Hannah Belay — Hannah is a senior completing her B.S in Communication Sciences and Disorders with certificates in African Studies and Health and the Humanities. After graduation, she plans to attend graduate school for Speech Language Pathology. Her clinical and research interests lie in neurodegenerative diseases and improving ADRD care methods in underrepresented groups.
Halley Dopp — Halley is a senior undergraduate student studying Communication Sciences and Disorders and Spanish. She plans to study Speech-Language Pathology in graduate school. She has an interest in working with Spanish-speaking populations in the U.S. who live with neurogenic communication disorders. This semester she will continue working on translating and adapting a Chilean aphasia screening tool into Standard American English. In addition, she is conducting a literature review that analyzes the neurological substrate of bilingualism and how this skill may be impacted by Alzheimer’s disease and other neurodegenerative diseases. Halley feels passionate about working with diverse groups of people and has enjoyed learning alongside her peers and Dr. Mueller.
Marissa Gall — Marissa is a junior studying Communication Sciences and Disorders at the University of Madison. After graduation, she plans to attend graduate school to become a Speech-Language Pathologist. She hopes to work within a hospital setting and is very excited to be involved in Dr. Mueller’s research.
Erin Bruehlman — Erin is a third year undergraduate student majoring in Communication Sciences and Disorders and pursuing a certificate in Education and Educational Services. She is looking forward to attending graduate school to become a speech-language pathologist and hopes to work with adult populations in a medical setting after graduation. She is thrilled to be part of the CCANDL team and can’t wait to learn and contribute to Dr. Mueller’s research!
Claire Terp — Claire is a junior studying Communication Sciences and Disorders at the University of Wisconsin-Madison. Following graduation, she plans to attend graduate school to become a Speech-Language Pathologist. Claire hopes to work with the geriatric population and is very excited to be working with Dr. Mueller and other lab members!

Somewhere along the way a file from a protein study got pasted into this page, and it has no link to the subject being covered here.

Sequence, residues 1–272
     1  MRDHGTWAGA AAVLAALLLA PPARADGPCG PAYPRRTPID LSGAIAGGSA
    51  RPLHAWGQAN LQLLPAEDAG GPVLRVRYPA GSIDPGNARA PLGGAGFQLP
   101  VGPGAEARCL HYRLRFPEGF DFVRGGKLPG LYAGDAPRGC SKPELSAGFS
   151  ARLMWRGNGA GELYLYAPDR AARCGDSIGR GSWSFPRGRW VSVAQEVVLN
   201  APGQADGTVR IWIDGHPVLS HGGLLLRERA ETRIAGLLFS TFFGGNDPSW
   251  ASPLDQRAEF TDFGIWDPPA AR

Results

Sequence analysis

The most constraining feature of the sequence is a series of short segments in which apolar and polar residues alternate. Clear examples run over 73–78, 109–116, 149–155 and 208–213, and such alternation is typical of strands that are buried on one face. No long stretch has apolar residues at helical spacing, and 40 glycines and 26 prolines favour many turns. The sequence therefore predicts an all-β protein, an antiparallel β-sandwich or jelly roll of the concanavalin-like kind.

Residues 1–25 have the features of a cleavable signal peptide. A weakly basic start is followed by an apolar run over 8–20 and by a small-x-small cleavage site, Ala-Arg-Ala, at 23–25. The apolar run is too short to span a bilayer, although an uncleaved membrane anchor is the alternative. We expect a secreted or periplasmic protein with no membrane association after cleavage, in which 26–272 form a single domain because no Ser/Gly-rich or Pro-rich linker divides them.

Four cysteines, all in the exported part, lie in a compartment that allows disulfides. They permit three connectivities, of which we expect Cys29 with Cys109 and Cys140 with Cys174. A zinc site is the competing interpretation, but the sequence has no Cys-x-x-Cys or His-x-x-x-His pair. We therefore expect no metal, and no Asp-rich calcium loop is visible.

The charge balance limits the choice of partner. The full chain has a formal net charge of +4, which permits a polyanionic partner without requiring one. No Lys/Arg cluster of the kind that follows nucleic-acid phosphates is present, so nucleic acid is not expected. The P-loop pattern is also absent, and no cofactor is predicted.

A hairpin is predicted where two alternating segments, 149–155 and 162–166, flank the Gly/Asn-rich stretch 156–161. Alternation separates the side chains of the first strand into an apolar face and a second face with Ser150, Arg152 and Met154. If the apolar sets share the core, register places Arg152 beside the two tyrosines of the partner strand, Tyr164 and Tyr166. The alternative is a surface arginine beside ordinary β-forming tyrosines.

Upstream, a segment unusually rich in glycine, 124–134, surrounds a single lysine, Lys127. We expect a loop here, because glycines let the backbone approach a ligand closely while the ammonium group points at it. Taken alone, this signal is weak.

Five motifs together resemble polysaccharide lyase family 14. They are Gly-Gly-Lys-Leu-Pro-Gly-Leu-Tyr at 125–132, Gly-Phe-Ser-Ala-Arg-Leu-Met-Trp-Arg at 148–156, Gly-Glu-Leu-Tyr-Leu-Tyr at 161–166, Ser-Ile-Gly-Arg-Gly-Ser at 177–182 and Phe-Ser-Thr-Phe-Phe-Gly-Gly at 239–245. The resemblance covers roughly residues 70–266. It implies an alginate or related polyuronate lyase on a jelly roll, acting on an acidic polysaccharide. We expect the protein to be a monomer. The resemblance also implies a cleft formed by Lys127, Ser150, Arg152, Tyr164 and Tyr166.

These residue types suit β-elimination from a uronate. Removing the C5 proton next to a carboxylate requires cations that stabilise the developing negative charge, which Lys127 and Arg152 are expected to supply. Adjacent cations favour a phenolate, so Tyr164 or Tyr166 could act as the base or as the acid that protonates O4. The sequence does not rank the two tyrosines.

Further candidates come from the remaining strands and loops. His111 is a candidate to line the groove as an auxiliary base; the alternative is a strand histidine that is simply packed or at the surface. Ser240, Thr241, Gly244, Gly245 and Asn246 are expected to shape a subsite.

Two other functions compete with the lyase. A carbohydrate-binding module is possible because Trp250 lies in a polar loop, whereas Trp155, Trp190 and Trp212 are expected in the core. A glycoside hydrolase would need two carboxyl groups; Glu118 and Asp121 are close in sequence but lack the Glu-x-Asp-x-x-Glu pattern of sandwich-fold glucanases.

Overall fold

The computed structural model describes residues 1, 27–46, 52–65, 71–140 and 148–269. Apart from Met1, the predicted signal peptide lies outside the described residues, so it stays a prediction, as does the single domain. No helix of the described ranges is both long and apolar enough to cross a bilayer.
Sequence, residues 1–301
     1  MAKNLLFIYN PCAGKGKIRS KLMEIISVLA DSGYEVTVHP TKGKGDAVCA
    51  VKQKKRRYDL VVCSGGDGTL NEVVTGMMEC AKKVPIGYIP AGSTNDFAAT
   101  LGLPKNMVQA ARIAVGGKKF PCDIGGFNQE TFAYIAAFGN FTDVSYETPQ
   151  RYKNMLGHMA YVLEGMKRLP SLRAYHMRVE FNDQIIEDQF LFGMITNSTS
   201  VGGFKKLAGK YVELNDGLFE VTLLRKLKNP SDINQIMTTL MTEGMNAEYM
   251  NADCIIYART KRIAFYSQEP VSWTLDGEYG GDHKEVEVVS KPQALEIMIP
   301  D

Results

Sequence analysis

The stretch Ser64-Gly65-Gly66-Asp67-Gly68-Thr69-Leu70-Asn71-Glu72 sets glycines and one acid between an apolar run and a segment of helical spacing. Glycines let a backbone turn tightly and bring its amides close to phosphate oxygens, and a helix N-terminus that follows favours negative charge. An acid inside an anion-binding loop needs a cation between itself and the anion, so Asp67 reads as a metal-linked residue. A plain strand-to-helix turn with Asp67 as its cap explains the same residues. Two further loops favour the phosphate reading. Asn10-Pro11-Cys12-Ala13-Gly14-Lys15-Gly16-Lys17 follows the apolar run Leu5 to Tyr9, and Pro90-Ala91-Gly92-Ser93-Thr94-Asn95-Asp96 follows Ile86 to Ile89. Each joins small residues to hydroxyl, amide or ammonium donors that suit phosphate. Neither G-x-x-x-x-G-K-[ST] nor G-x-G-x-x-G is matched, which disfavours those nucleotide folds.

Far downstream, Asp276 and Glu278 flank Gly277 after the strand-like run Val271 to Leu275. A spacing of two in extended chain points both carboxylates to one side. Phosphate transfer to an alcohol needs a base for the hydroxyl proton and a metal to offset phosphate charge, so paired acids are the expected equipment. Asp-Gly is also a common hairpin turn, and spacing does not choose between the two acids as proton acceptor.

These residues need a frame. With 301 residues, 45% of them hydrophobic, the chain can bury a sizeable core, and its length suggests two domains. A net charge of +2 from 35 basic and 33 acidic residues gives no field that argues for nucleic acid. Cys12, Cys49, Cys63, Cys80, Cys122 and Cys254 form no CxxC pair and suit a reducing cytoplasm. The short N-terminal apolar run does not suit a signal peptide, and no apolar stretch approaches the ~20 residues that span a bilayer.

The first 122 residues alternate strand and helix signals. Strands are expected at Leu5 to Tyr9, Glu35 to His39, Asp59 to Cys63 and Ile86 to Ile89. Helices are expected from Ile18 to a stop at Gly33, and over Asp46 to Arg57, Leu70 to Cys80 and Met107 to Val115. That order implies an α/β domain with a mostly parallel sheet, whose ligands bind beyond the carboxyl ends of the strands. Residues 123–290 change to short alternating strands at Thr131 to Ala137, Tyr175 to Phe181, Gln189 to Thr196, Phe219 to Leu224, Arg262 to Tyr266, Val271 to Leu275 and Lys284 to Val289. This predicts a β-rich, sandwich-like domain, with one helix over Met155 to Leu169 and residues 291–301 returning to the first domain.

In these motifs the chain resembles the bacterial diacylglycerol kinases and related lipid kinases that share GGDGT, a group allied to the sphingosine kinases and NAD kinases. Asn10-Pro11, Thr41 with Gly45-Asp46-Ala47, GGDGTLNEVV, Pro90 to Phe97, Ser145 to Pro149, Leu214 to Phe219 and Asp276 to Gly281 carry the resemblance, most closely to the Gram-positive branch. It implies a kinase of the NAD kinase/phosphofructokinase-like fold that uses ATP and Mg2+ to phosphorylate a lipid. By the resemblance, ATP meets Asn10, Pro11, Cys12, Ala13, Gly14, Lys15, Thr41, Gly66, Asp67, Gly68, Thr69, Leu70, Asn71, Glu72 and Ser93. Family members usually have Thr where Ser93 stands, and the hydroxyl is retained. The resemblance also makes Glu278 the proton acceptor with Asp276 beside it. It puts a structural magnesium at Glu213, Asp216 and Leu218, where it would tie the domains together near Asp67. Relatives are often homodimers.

Kelly Longhini — Kelly is a second year undergraduate student completing her B.S. in Neurobiology with a certificate in Global Health. She intends to pursue a Master in Public Health program, and has interests in neurodegenerative diseases and the neurological pathways associated with memory and language. She is very excited to be involved in CCANDL to learn more about the intersections of communication, aging, and dementia.
Audra Koscik — Audra is currently working on an undergraduate degree. Her past work with Dr. Mueller includes working in data for the Wisconsin Registry for Alzheimer’s Prevention. Previously, she worked in information and technology where she led events such as creating logic-gate circuits with Boolean algebra, built websites for on-campus departments, and even initiated a Virtual Reality project. Now, she works part-time building websites (such as this website), and working in technology and research for Dr. Mueller.
CCANDL extends many thanks to every lab member who has joined our team for making CCANDL the successful lab it is today. We wish every member well in their future endeavors.